Managed Accounts: The Future of Default Options in DC Plans?

managed accountsCommenting on the dramatic growth of target date funds(TDFs) in defined contribution plans, the head of retirement research for Morningstar blogging in the Wall Street Journal (subscription required) asks the obvious question: when will we move to more customized solutions? Managed accounts offer that option but barriers include costs and engagement.

While many plans offer managed accounts as an option, the key is whether they are offered as the default option or QDIA which has spurred much of the growth of TDFs. Managed accounts are one of three options for a QDIA including risk based and TDFs. Each investor can not only get a customized portfolio using managed accounts, using technology and data (robo-advice), they may also be able to suggest optimal savings rates and retirement age which becomes more precise when outside assets are considered.

Managed accounts can cost as much as .5% plus the underlying investments and have been the subject of recent lawsuits for paying a portion of their fees to record keepers as revenue sharing. The other issue is whether participants will engage and provide personal information to help managed account providers customize the portfolio.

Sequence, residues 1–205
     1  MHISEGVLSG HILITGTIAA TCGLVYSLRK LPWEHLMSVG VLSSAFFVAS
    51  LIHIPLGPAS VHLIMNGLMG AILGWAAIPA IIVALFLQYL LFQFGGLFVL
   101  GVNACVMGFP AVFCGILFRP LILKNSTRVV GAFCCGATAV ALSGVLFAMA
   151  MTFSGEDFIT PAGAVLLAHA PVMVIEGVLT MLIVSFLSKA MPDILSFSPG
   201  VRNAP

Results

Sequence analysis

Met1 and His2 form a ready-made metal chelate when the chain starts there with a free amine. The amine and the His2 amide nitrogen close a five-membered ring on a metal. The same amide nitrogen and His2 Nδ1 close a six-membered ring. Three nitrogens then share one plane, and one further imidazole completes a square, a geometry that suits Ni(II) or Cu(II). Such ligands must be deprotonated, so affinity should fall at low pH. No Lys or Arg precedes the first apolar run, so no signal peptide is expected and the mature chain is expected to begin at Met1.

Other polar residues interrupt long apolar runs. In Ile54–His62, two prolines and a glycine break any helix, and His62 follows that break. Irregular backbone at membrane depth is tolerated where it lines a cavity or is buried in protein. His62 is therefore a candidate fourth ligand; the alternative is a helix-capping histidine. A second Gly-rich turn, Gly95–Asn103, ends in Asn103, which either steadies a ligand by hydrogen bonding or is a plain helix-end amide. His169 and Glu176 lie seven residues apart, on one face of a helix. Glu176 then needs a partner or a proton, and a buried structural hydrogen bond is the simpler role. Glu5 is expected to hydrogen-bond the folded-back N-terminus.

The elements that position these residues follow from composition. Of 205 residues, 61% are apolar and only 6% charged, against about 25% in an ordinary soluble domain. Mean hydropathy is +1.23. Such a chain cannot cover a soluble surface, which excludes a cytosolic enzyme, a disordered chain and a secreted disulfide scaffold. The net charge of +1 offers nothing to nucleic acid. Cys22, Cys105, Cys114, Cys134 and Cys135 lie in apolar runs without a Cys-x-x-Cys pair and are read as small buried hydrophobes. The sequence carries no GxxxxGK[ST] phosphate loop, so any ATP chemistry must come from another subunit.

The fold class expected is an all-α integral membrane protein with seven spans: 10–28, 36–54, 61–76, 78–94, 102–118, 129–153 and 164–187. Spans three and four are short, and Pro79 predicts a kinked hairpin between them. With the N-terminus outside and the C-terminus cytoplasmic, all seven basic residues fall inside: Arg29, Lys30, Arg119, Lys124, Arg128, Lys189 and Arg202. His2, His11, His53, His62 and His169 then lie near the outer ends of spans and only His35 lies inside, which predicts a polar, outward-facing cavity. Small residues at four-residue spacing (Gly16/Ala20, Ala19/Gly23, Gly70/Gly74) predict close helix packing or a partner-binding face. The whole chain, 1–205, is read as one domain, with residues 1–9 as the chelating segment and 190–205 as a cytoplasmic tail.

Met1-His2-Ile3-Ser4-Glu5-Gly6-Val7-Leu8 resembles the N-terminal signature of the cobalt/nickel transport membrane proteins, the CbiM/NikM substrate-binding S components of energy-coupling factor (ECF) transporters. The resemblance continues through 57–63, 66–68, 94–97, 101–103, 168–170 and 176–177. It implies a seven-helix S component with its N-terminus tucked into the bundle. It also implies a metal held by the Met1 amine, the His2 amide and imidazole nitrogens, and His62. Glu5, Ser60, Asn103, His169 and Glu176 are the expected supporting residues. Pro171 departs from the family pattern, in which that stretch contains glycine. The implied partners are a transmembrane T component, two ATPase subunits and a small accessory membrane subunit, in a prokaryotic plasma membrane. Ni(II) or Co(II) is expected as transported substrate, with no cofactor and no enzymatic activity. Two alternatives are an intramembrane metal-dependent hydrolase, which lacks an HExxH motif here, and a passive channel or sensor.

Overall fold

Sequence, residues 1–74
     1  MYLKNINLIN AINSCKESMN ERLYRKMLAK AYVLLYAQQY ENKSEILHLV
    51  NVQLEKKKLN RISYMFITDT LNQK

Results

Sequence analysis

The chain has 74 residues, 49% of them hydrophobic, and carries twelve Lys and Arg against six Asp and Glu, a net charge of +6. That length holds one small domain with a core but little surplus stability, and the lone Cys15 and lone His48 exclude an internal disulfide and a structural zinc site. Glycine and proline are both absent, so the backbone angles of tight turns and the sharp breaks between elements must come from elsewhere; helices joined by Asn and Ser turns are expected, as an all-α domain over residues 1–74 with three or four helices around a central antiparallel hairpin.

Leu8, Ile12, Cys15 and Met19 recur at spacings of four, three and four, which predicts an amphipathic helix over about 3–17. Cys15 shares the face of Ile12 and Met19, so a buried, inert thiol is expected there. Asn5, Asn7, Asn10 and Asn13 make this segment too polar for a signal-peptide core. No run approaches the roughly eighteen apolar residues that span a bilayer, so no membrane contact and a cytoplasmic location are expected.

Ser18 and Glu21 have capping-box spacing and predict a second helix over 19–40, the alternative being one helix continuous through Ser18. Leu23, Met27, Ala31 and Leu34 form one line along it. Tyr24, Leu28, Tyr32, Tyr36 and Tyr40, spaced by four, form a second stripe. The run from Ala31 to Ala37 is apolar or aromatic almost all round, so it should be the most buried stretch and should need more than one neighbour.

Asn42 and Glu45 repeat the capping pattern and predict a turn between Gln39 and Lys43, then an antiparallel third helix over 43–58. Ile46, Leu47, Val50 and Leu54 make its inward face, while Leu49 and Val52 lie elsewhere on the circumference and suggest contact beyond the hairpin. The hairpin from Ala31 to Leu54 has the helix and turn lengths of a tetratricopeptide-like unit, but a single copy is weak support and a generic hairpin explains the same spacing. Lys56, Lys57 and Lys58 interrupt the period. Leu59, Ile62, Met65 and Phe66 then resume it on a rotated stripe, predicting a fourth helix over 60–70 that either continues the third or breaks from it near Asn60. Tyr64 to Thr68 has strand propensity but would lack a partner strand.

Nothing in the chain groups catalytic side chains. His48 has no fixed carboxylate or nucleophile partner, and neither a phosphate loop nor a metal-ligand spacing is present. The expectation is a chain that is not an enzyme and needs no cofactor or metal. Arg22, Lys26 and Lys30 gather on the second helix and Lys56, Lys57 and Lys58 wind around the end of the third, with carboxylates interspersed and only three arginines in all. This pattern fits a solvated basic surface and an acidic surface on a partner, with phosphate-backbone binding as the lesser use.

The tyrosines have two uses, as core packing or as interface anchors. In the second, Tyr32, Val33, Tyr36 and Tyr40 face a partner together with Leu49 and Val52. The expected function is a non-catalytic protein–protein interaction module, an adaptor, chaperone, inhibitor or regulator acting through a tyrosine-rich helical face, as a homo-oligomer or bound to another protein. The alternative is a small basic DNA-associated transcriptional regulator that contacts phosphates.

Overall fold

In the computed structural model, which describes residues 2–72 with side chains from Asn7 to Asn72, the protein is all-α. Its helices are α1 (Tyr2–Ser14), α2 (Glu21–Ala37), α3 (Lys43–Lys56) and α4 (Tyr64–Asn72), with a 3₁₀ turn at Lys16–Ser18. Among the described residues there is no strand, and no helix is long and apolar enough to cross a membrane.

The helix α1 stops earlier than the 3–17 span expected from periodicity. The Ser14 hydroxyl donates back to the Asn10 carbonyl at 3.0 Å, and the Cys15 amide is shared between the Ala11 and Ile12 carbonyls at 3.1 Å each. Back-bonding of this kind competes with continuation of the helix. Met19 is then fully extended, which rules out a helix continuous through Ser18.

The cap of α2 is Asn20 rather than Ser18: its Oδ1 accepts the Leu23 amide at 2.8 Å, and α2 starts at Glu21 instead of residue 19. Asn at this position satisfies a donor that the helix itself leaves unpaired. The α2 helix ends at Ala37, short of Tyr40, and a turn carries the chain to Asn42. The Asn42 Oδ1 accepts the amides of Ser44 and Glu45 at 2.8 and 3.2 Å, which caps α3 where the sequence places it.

A simple solution on the road to customization is offered by flexPATH, a partnership between NFP and BlackRock, using multiple underlying asset managers where an investor can pick the moderate, conservative or aggressive version of their TDF suite rather than everyone born within five years getting the same investment.

But other firms like Envestnet Retirement Solutions are trying to get even more customized using a participant’s age, salary, deferral rate, account balance and access to a DB plan as well as participant behavior to automatically suggest a portfolio. Relying on subsidiary which can scrap the internet to get information about a person’s outside assets, the Envestnet solution gets closer to true customization. The issue is data: will record keepers give up the information on each participant and is the information about outside assets complete and accurate.

Technology and big data will allow DC money managers to move beyond putting all investors born within five years of each other into the same fund. Plan sponsors as good stewards for their employees and advisors need to start asking these obvious but difficult questions to start moving the DC market towards greater customization which will lead to better outcomes.

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